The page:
Managing your Labrador’s hip dysplasia will make a huge difference in them leading a comfortable life. You can start by avoiding stairs and jumping.
We also recommend consulting with your vet for exercise options that are safe for your Lab.
Since Labradors are energetic dogs, there is also the possibility of injuries causing problems with their hind legs.
First, they could have strains or sprains from their daily activities. For these injuries, surgical intervention is usually not the first choice.
Just make sure to get your dog to the vet so that your vet will prescribe treatment methods that could involve medication for pain and swelling.
Anterior cruciate ligament (ACL) injuries are also relatively common in Labrador Retrievers. This could be a partial or complete tear in the knee ligament.
ACL injuries usually require surgical treatment to prevent the injury from progressing and help your Lab regain regular mobility.
Your Labrador could also suffer from broken bones (fractures). When this happens, make sure to get them medical attention and follow what your vet prescribes.
You should limit their movement for the next week or two depending on what your vet will advise. Every situation is different, so you have to follow your vet’s medical opinion.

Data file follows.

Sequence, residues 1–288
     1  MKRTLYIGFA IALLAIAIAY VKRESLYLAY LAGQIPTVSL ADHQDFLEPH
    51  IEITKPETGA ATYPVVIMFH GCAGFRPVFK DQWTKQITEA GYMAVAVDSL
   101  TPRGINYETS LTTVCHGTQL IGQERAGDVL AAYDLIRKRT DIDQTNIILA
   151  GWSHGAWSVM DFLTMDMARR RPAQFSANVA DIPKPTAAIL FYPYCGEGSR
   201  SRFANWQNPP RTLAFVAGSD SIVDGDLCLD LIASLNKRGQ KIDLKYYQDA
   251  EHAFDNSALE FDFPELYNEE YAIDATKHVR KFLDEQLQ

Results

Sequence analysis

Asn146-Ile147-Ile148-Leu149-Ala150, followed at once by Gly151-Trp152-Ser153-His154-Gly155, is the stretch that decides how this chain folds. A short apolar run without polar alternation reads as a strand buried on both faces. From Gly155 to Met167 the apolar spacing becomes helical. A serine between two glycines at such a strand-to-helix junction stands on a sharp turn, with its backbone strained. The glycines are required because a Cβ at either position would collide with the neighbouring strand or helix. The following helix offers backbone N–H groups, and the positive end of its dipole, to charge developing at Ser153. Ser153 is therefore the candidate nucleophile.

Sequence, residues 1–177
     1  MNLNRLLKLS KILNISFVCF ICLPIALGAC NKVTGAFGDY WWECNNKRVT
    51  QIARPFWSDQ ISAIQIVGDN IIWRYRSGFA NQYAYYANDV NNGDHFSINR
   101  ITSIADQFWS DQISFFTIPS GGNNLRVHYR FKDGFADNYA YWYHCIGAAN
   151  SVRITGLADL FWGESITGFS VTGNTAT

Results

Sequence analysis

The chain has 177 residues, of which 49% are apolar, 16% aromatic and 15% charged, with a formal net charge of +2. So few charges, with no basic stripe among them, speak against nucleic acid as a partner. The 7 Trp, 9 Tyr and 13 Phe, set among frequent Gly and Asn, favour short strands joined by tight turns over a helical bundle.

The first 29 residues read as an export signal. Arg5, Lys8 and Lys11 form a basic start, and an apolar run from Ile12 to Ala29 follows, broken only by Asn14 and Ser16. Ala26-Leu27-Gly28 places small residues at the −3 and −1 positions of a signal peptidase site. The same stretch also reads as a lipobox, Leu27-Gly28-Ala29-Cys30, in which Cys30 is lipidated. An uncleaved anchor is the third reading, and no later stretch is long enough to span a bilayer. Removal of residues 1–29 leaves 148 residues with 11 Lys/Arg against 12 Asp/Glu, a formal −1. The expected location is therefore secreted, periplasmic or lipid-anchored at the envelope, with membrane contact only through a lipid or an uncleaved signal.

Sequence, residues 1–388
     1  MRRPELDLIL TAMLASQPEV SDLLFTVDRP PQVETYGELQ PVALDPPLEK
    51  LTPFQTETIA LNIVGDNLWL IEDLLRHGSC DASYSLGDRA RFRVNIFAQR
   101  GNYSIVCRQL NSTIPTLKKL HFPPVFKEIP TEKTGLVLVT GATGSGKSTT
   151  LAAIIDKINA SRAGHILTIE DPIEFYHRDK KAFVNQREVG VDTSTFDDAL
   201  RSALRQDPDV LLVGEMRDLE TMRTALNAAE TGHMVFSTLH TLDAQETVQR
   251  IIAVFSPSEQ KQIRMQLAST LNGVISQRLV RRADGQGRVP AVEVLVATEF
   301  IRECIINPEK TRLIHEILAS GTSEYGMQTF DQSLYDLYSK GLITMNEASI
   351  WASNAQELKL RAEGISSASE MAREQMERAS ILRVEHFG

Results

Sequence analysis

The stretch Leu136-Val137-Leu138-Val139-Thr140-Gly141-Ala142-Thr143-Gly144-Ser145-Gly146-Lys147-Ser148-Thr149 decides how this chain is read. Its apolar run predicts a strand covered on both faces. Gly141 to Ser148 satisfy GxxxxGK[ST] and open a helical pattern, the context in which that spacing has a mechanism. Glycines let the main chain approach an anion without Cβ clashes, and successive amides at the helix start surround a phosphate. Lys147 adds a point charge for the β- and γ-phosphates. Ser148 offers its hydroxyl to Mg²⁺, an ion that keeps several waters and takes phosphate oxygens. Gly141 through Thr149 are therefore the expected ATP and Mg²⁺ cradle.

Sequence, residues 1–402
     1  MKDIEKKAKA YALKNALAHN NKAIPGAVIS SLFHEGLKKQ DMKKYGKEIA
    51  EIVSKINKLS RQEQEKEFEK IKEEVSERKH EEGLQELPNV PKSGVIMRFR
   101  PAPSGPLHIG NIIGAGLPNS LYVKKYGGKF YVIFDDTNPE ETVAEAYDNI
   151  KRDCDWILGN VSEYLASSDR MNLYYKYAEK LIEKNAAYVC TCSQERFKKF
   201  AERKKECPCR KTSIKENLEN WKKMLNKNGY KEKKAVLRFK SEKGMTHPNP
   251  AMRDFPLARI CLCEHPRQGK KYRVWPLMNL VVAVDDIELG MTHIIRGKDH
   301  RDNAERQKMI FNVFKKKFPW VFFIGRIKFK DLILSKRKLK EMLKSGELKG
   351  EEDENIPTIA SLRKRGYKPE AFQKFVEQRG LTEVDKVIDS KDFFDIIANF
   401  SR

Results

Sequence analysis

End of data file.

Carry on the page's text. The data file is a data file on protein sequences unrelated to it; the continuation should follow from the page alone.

Unfortunately, many injuries come unprecedented and are usually by accident. The best way to prevent injuries is to avoid putting your Labrador Retriever in precarious environments that could injure them.
Still, injuries can happen even at home, so there really is no guarantee.
Arthritis is also one of the most common Labrador back leg problems, especially as they get older. It is usually caused by many things, including trauma or degeneration of the joints over the years.
Arthritis is very common in the elbows and the hips, so it can affect your Lab’s back legs.
By the time your dog goes over the age of 8 or 9, they are at a higher risk of arthritis. This significantly impacts their mobility if not managed properly.
Arthritis can be managed with proper medication and care. Weight loss is also a good option if your dog is overweight since it can help ease some of the pressure from the joints.
In any case, it is important to consult with a vet for proper treatment options so that your Lab will not suffer any pain or discomfort.
There are a lot of factors that can lead to you having Labrador back leg problems, including hip dysplasia, injuries, and arthritis.
The most important thing you can do for your Labrador Retriever is to get an early diagnosis from your vet.
This way, you will be able to look for potential treatments early on.
In the meantime, it is also crucial that you do everything to give your Lab the support they need.
Padded beddings, for instance, can help support their joints when they sleep in their bed.